Skype today is a market leader and readily competes with long-established players in the VOIP and telecommunications industry.

A company doesn’t have to be a start-up to be disruptive.

But start-ups have the advantage of being able to radically change the cost structure of a business, a key component of true disruption.

Youtube let content producers distribute media for free online, where traditional video channels had extremely high barriers to entry.

Skype’s peer-to-peer technology circumvented the traditional phone networks and drastically lowered the cost to make international calls, snatching market share from global telecom providers.

Apple – the outlier

Apple is an example of an established company that was able to completely disrupt the software industry. The 2007 introduction of the “App store” ushered in a new era of cheap software:

Smaller developers could potentially reach a huge market with virtually no distribution costs, and app users could easily find new (and affordable) software to meet their needs.

This radical transformation of the software industry has forced many other tech giants to follow Apple’s lead, and has redefined the way consumers think about software in the 21st century.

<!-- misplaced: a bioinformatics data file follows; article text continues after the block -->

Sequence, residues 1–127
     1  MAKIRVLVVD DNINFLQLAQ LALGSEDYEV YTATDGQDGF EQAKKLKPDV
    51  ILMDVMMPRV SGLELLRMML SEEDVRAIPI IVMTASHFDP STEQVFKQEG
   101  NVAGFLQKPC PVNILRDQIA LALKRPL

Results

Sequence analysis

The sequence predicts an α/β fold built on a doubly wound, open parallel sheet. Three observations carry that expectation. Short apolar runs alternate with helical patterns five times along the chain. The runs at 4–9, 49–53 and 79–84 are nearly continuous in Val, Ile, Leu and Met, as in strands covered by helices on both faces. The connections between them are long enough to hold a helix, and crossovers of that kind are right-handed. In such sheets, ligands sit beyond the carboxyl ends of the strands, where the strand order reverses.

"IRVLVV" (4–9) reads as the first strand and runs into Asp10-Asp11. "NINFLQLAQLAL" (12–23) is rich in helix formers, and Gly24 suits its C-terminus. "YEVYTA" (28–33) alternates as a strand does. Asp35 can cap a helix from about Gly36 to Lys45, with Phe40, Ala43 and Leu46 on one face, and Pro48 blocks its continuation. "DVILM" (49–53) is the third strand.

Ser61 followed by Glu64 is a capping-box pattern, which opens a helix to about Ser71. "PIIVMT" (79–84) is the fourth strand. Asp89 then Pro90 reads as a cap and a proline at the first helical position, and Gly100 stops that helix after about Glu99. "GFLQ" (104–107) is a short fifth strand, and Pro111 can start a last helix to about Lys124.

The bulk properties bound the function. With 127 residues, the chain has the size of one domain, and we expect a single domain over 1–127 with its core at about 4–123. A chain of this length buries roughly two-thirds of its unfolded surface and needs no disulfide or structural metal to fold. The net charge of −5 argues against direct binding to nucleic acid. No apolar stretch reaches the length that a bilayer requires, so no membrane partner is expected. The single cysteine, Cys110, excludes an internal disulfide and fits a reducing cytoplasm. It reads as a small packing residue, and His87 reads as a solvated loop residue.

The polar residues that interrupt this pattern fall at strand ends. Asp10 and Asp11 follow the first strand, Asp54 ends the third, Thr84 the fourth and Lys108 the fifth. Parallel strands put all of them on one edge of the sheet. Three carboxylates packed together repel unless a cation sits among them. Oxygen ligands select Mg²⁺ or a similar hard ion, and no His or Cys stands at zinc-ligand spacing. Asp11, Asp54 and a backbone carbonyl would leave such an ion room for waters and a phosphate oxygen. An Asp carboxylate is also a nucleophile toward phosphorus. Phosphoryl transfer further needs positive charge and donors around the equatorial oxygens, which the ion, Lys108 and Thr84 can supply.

The takeaway – three keys to remember about disruptive innovation:

  1. Disruption is a process. It is not an event.
  2. Disruptors often begin by building a new business model.
  3. Not every disruptive path leads to success. Like every other form of innovation, disruptive innovation comes with its own risks.

For further reading on disruption, try these resources:

HBR: “What is Disruptive Innovation?” (https://goo.gl/PwMsnF)

Clayton Christensen’s “The Innovator’s Dilemma” (http://amzn.to/1YAwzRv)

 

By William Zyzo (2016). William is the Advisor of the Advance Learning Lab at AmCham in Taipei. He is also the Managing Director of Z&A Knowledge Solutions, a firm specializing in providing performance solutions to executives and senior managers in multinational corporations in Taiwan, Hong Kong, South Korea, Singapore, and China. You can reach him at william@znasolutions.com